Blue whales have gotten a great deal of attention as footage of a BBC presenter sighting a blue whale during a live interview has gone viral. The blue whale was once at the brink of extinction. While many animals who have been threatened with extinction have been successfully bred in captivity, the blue whale is the largest mammal on Earth, measuring up to 100 feet. No tank could hold one. Yet, after a hunting ban in 1966 and being given protected status, the blue whale is coming back.
Some people are old enough to remember the Save the Whales campaign. It lead to a ban on commercial whaling worldwide in 1986. (Limited “scientific whaling” was permitted.) Before the advent of steamships and the harpoon gun, blue whales were rarely hunted because their size and power made them difficult to pursue. Those inventions changed all that. It’s estimated almost 400,000 blue whales were hunted from 1900 to 1966.
Today, there are an estimated 5,000 to 12,000 blue whales on Earth. The blue whale population off the coast of California has done the best; it’s at almost 97 percent of what it was before they were targeted. They’re also the ones most likely to be seen: if you want to see a blue whale, the coast of California is your best bet. It’s not a surprise that the BBC presenter was on the Monterey Bay. There have been blue whale sightings in other coastal areas: Australia, Ireland, and New Zealand have all reported blue whales off their coasts.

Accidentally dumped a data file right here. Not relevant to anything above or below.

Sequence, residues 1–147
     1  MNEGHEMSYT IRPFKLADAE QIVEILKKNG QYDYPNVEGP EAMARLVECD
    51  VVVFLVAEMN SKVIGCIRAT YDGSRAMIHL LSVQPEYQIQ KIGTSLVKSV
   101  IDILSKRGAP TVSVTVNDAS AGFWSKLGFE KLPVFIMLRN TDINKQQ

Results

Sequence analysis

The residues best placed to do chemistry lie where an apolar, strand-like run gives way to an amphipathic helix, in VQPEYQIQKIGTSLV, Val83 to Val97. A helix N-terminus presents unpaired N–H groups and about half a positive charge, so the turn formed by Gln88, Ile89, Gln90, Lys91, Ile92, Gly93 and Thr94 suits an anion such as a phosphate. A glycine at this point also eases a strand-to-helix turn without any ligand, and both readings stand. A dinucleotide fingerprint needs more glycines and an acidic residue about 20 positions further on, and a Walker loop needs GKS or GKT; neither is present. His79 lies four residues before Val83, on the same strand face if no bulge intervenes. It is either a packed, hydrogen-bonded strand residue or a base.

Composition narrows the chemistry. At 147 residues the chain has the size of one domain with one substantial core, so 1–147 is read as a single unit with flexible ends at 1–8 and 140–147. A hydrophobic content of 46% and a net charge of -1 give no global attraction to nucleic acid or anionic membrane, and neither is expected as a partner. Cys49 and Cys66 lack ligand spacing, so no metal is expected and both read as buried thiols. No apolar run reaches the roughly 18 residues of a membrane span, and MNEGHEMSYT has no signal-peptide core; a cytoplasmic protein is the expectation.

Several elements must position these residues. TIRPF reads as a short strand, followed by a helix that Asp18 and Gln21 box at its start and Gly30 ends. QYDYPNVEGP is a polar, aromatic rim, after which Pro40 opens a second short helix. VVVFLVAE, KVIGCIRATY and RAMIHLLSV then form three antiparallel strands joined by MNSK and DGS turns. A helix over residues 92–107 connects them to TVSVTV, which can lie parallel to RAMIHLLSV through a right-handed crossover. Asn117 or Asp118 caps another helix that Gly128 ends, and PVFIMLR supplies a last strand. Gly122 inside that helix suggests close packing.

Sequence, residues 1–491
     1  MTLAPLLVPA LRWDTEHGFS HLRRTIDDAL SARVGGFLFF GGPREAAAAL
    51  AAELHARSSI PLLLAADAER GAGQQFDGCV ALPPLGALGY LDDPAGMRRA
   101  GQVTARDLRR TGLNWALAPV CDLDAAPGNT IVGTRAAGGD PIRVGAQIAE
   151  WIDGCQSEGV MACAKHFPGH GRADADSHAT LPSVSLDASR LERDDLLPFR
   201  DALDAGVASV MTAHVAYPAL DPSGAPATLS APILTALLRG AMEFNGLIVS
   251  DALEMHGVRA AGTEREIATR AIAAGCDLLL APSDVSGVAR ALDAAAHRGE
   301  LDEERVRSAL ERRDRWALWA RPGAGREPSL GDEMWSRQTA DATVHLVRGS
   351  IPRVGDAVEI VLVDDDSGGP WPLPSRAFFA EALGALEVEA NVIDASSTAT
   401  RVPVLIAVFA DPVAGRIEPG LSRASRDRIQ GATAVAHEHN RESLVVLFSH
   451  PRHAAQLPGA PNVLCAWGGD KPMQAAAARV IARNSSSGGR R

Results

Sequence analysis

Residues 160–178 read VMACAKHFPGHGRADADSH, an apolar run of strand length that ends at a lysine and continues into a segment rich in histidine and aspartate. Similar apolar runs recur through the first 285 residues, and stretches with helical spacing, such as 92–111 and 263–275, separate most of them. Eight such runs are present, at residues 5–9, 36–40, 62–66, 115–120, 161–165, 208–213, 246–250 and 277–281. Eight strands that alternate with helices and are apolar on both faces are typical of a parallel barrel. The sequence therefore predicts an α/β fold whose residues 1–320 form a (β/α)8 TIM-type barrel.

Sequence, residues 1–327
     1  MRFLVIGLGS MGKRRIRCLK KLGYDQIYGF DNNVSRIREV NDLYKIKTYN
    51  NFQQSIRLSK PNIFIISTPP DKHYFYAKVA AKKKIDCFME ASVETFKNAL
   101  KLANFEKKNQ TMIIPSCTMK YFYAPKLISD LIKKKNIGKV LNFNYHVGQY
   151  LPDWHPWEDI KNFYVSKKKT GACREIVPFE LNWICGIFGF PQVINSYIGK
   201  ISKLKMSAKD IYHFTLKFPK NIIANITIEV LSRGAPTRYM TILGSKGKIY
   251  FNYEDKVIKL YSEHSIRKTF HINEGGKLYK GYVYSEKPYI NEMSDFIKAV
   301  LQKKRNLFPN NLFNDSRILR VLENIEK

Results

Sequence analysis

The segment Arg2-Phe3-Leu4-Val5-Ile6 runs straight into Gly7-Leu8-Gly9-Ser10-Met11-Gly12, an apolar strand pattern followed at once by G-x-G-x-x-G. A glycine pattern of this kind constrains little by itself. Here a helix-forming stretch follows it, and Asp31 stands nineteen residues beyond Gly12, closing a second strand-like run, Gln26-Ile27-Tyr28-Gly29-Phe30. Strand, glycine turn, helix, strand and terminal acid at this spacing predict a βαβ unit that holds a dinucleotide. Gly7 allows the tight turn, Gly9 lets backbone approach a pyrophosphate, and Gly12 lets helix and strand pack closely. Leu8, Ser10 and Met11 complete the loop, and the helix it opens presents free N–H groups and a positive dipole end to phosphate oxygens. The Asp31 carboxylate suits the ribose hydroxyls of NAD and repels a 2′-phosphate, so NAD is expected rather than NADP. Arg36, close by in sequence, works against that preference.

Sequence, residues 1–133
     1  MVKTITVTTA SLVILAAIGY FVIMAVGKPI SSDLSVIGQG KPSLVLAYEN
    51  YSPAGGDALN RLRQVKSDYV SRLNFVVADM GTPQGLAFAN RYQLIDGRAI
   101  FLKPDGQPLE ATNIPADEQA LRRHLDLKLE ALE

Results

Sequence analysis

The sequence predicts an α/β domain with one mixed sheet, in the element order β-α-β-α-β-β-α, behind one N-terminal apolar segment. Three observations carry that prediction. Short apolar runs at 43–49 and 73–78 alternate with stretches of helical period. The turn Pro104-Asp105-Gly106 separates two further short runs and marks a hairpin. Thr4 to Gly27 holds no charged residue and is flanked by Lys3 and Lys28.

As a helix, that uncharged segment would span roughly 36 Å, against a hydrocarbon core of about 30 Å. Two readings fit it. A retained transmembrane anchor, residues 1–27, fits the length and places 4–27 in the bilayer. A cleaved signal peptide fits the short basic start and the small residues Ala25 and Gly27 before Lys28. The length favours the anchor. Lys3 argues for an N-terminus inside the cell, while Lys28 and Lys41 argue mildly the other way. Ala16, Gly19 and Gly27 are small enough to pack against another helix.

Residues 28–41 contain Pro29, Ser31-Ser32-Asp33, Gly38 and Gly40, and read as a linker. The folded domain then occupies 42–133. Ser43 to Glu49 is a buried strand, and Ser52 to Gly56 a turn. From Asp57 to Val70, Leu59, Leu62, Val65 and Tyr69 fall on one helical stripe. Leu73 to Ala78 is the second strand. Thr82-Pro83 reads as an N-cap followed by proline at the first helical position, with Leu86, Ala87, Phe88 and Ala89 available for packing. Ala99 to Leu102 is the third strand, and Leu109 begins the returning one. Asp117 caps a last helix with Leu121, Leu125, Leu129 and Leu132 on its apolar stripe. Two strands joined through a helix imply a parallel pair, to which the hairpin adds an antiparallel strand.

But even the presenter admits that he wouldn’t have thought it was possible he’d see a blue whale sixteen years ago — a true reflection of the dire state they were in. Even now, without being hunted, the diminished population of their food, krill, and the increasing acidification of the ocean are still a problem. Some populations of blue whales aren’t recovering as well. The Antarctic population of the blue whale went from over 300,000 before widespread hunting to a low of 373 in 1973. The last count in 1996 revealed there were 1,700: a fourfold increase, but still worryingly small.
There’s still a long way to go before the blue whale can be considered to be no longer endangered. But the number of sightings every year continue to increase, and seeing blue whales in places they have never been reported to be before is possibly the best sign. It’s like the blue whale population is saying “Good job. Don’t screw it up a second time.”